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insisting on personal responsbility doesn't make the credit card companies responsible for predatory lending practices.

frankly...i think we need accountability on both ends. our culture of debt is not healthy, nor is the facilitation of this by credit companies.
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Old 04-14-2005, 01:00 PM   #6 (permalink)
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I know of a number of people who abused the system, planning bankruptcies and running up huge debts once they were executing those bankruptcies. I don't consider them friends even though they are "family" as I'm too disgusted by what I've witnessed.

The system was in place to help those that needed help. Like all programs that get abused, they get cut and the people who needed them to begin with suffer.

shame, but that's the America we live in.
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Old 04-14-2005, 01:00 PM   #7 (permalink)
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Quote:
Originally Posted by martinguerre
insisting on personal responsbility doesn't make the credit card companies responsible for predatory lending practices.

frankly...i think we need accountability on both ends. our culture of debt is not healthy, nor is the facilitation of this by credit companies.
Yes, personal responsibility would make the credit card companies liable for their actions, that's the whole point of the idea, to be personally responsible for your actions, regardless of the consequences, or maybe because of the consequences. If the credit cards companies were being responsible they wouldn't use predatory lending practices.
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Old 04-14-2005, 01:15 PM   #8 (permalink)
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So, now that the credit card companies got what they wanted, this means that they'll be offering much better rates for the consumers, right? Yeah, I didn't think so.
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Old 04-14-2005, 01:17 PM   #9 (permalink)
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I find it incredibly ironic that the federal government is trying to tell me to be more fiscally responsible. I mean....Buy now, pay later. Isn't that the standard call to action in Congress these days?

Fucking hypocrites.
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Old 04-14-2005, 01:20 PM   #10 (permalink)
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This is just the beginning. Our country is in far far over its head in debt and the time is coming to pay it.

The problem is a vast majority acquired that debt making higher wages than they do now, so payment is even that much harder.

Is this a sad day?

YES and the beginning of many more.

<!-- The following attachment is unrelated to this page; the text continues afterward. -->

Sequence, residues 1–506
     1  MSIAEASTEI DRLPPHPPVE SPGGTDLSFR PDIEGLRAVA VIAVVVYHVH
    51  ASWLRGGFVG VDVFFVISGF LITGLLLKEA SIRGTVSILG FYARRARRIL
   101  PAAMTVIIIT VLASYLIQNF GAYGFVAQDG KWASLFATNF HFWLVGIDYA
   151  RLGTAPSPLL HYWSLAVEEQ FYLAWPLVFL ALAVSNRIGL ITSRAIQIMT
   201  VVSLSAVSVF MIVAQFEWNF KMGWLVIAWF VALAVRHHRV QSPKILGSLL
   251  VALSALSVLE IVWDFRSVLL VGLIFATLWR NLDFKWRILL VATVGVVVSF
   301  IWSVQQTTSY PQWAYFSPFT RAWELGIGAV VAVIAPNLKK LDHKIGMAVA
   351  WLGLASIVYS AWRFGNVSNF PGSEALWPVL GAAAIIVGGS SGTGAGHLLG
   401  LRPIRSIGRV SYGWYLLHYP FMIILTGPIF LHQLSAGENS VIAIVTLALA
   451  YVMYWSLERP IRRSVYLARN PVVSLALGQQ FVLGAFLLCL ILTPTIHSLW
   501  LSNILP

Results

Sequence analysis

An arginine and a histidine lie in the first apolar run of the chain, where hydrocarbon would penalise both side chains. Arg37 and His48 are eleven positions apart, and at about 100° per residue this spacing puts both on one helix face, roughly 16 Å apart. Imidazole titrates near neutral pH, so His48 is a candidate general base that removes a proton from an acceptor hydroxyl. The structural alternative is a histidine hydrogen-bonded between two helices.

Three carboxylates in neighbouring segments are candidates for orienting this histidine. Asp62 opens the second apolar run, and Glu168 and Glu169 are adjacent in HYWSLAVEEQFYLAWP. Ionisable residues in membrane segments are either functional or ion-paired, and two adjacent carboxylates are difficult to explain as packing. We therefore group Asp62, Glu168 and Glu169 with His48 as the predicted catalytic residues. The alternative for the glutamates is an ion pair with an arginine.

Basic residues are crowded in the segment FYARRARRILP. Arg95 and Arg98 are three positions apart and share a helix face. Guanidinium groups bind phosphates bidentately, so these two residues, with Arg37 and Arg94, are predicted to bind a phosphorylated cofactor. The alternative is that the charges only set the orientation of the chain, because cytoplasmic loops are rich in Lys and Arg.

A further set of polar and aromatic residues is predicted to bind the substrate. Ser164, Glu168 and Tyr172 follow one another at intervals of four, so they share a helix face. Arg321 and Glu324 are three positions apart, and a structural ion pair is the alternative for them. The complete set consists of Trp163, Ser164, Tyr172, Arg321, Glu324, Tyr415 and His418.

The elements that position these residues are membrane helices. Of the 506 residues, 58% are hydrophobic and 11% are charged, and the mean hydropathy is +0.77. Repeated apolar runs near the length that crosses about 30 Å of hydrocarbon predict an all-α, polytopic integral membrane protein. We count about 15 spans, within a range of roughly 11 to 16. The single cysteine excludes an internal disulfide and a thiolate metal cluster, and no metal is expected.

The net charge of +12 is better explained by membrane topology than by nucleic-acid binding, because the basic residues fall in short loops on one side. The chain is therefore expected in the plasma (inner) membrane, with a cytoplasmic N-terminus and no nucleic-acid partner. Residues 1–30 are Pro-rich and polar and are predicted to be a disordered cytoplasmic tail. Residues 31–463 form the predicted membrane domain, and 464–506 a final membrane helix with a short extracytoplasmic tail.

Is this a GOP way to make the rich richer?

Some can look at it that way, but in the end when the middle class can't afford to pay their debts AND be able to maintain the lifestyle crucial to our economy or barely even make a living, the rich will suffer also..... so short term gains will prove to be long term losses for the rich that benefit today.

Is there a way to avoid this?

NO, impossible, again I stress, the debt (consumer debt, trade deficits, Federal defits, corporation defits from mergers, leveraged buyouts etc.) is far too high to do anything about.

What can be done to save us?

Well this is where the party politics differ:

the GOP leadership realize:

- that the poorer the people the more religious they become, this benefits their religious right benefactors so there's benefits
- the rich short term profit as they can buy up land at Sheriff's auctions dirt cheap
- they can blame all this on masses but allow individuals to believe it was everyone else
- if they keep cutting taxes on the rich and cutting social programs, the masses become indentured making almost slave wages, the short term is great for the rich


the Dem. leadership realizes:

- wages must be increased and the threat of inflation is bullshit because CEO's and upper management make far more than they ever have in the past
- social programs and education are needed to develop a more intelligent work base that can again be the best and most innovative
- tax bases can be increased by tariffs, finding ways to keep factories here and regulating imports and small business loans to keep business growth up.
- universal healthcare, so that the medical debt (which is extremely high and probably our worst enemy) can be eliminated. The scare tactics that it would decrease the effectiveness of care, that it would take away the pharmaceuticals incentives to develop drugs and all the other GOP propaganda would be far outweighed by the fact that companies could free up that benefit monies to pay workers more, workers would be able to spend/ save/ lower debt more because they wouldn't have outrageous insurance, medical and prescription bills to worry about.


Then there is the growing in support solution to just erase all debt as a country and start over, however beautiful that may sound there would be problems (such as other countries forgiving our debt